Information Technology and Moral Philosophy

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This book gives an in-depth philosophical analysis of moral problems to which information technology gives rise, for example, problems related to privacy, intellectual property, responsibility, friendship, and trust, with contributions from many of the best-known philosophers writing in the area.

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Editorial Reviews

From the Publisher
"This collection of 18 essay is rich in ideas on the implications of information technology and morality. Variety is the collection's strong point, though there are certainly some common themes, including the nature of identity and agency...This work will appeal to scholars in several disciples, including communication, political science, computer science, and philosophy. Summing up: Recommended."
-S.E. Forschler, Choice
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Product Details

Meet the Author

John Weckert is a Professorial Fellow at the Centre for Applied Philosophy and Public Ethics at Charles Sturt University in Australia. He is editor-in-chief of NanoEthics: Ethics for Technologies that Converge at the Nanoscale and has published widely in the field of computer ethics.

Jeroen van den Hoven is Professor of Moral Philosophy at Delft University of Technology. He is editor-in-chief of Ethics and Information Technology, a member of the IST Advisory Group of the European Community in Brussels, scientific director of the 3TU Centre for Ethics and Technology in the Netherlands, and co-author, with Dean Cocking, of Evil Online.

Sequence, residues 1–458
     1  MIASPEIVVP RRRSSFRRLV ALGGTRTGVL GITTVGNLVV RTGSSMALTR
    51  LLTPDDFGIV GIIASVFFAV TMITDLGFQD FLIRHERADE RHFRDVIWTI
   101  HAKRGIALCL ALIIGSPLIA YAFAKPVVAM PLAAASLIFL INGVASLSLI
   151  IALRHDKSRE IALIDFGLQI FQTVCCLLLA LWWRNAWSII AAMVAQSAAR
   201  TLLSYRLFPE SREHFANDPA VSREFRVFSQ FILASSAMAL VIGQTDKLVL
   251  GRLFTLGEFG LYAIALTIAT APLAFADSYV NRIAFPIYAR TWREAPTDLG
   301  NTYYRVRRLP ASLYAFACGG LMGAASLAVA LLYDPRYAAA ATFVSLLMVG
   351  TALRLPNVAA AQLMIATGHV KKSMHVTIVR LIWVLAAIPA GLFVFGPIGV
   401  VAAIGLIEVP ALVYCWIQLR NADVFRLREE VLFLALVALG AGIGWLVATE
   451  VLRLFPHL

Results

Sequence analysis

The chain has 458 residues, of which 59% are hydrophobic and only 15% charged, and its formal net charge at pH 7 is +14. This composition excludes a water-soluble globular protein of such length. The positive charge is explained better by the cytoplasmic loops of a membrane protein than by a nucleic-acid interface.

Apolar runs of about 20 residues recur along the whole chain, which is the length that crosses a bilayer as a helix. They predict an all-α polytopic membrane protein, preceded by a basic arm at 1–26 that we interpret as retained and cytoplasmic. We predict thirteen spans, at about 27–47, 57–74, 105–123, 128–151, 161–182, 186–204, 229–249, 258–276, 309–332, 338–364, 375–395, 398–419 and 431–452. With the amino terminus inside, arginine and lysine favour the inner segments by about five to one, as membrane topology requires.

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Table of Contents

Introduction; 1. Norbert Wiener and the rise of information ethics Terrell Ward Bynum; 2. Why we need better ethics for emerging technologies James H. Moor; 3. Information ethics: its nature and scope Luciano Floridi; 4. The transformation of the public sphere: political authority, communicative freedom, and internet publics James Bohman; 5. Democracy and the internet Cass R. Sunstein; 6. The social epistemology of blogging Alvin I. Goldman; 7. Plural selves and relational identity: intimacy and privacy online Dean Cocking; 8. Identity and information technology Steve Matthews; 9. Trust, reliance, and the internet Philip Pettit; 10. Esteem, identifiability, and the internet Geoffrey Brennan and Philip Pettit; 11. Culture and global networks: hope for a global ethics? Charles Ess; 12. Collective responsibility and information and communication technology Seumas Miller; 13. Computers as surrogate agents Deborah G. Johnson and Thomas M. Powers; 14. Moral philosophy, information technology, and copyright: the Grokster case Wendy J. Gordon; 15. Information technology, privacy, and the protection of personal data Jeroen van den Hoven; 16. Embodying values in technology: theory and practice Mary Flanagan, Daniel C. Howe and Helen Nissenbaum; 17. Information technology research ethics Dag Elgesem; 18. Distributive justice and the value of information: a (broadly) Rawlsian approach Jeroen van den Hoven and Emma Rooksby.

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